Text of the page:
Montebello conducts course in hospital fire safety
Advance planning is stressed and every employee participates
“WHEN FIRE STRIKES, the actions taken during the first few minutes make the difference between containment and catastrophe.” With these words, Fire Chief Lorne R. Beech of Montebello, Calif., offered his department’s technical assistance to develop a fire safety and evacuation program in Beverly Community Hospital in Montebello. Chief Beech recognizes that an efficient fire protection program calls for long-range planning, based on the participation of the hospital employees. The Montebello Fire Department therefore conducted a course in fire safety evacuation at the hospital during December.
The hospital recently completed a building and modernization program, which increased its capacity from 80 beds to 165 beds, four major surgery rooms, an emergency receiving section and dental surgery office.
The Fire Prevention Bureau devised the course to fit the hospital and worked hand in hand with its administration in planning for evacuation of patients and fire safety procedures. Because of the difference in structural design of most buildings, a plan which might suit one hospital could be wholly unsuitable for another.
Special booklet prepared
The bureau prepared a 15-page booklet for distribution to all the hospital’s employees. The booklet, which contains a fire inspection report form, was used as the text for the course. It covers emergency procedures, evacuation organization, and fire control.
The Civilian Defense Office in Montebello coordinated its training program of radiation protection and disposal to coincide with the department’s course at the hospital to insure their ability to handle an emergency involving radioactive exposures.
The Montebello department, in its outline of the basic method of procedure, lists four steps to be taken: (1) If fire is in patient’s room, remove patient. Close the door, windows and transoms; (2) Co to nearest fire alarm box and transmit alarm, which notifies fire headquarters. Alert the switchboard operator by phone, giving location of fire by room number or section; (3) Return to fire and use extinguisher until the fire department arrives; (4) Remove patients from adjoining area.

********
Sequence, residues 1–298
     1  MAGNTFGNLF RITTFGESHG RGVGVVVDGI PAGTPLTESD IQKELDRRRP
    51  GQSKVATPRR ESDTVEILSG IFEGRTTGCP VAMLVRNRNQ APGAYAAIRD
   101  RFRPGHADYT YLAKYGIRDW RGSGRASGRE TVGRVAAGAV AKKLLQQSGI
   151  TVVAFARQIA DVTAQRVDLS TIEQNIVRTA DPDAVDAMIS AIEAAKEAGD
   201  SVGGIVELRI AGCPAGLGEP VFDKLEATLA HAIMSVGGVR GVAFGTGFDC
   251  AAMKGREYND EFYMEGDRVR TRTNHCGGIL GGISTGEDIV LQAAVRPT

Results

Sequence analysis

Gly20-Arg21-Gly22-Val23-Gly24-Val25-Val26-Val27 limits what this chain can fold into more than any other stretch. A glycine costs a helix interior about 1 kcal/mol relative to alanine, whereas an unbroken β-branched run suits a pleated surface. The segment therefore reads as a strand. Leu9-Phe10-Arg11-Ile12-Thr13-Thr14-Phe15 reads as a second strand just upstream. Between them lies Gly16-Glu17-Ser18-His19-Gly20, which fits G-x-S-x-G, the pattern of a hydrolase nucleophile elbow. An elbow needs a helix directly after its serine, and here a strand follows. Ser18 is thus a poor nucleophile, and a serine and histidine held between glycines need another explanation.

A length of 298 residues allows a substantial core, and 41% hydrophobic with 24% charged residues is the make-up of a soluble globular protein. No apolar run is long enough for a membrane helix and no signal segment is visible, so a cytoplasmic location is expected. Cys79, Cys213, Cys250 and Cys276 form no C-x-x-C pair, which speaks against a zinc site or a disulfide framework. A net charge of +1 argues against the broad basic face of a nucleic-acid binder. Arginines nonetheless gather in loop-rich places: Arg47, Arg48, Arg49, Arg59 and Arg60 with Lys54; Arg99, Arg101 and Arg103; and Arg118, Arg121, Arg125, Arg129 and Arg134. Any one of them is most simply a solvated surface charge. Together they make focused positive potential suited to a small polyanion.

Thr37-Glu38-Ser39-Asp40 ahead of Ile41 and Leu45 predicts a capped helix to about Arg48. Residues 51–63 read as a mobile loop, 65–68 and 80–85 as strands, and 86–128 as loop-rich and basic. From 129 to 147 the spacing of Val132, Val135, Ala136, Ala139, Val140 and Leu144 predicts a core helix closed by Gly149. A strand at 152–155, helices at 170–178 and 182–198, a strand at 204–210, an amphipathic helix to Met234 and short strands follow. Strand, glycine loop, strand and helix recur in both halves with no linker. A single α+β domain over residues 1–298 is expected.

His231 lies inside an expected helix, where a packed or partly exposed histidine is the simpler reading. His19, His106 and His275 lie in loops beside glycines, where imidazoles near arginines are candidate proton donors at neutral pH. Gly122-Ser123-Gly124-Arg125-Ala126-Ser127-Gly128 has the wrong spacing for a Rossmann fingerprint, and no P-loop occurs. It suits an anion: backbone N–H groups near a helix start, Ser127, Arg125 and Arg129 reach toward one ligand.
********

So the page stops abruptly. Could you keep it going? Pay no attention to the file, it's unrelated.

The booklet expands on the outline, setting forth the general procedure to be followed. It points out that the first person to respond has a two-fold responsibility: To remove anyone in immediate danger and to sound the alarm. The next two or three to arrive assist in removing any other persons in danger, and use first-aid fire fighting equipment. The five or six persons in what may be called the third wave close doors and windows, shut oil equipment that might spread fire, reassure the patients, and assist the first group to accomplish whatever is most important at the moment.
It may be asked, where does all this help come from? As soon as a fire is discovered and the switchboard operator alerted, a coded announcement is made over the hospital’s paging system. In general, one person from each area adjacent to the fire location reports immediately to that section. The plan is in effect round-theclock, and the supervisor of each area is responsible for assigning personnel to this duty at the beginning of each shift.
The plan then gives detailed instructions for all hospital personnelprofessional, clerical, engineering and maintenance. Some are assigned to respond to any fire anywhere in the hospital, while others respond only it the fire is in their area or threatens it. For example, in the event of any fire, engineering and housekeeping personnel are required to take action which is spelled out in detail in the plan. On the other hand, those working in the business office or pharmacy are required to take: specific action only if fire or water threatens their areas.
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HOSPITAL FIRE SAFETY
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As far as possible, nothing is left to chance or on-the-spot planning. The Montebello plan attempts to prepare for any fire in the hospital. A section devoted to organization details the duties of the management safety committee, those of department heads and supervisors, and the duties of all employees.
Under “Fire Control Procedures,” the booklet gives a brief, clear definition of the three classes of fires, the three types of extinguishers, and tells which to use on each type of fire.
Evacuation is then defined. It is noted that hospital evacuation is an entirely different process than is recommended for schools and factories. Leaving the hospital is the very last resort, while in other occupancies the objective is to clear the building as quickly as possible. Familiarity with several types of evacuation is described as a necessity in any hospital.
The booklet then gives instructions for partial evacuation, horizontal evacuation, total evacuation and emergency removal. It concludes with information on bed fires.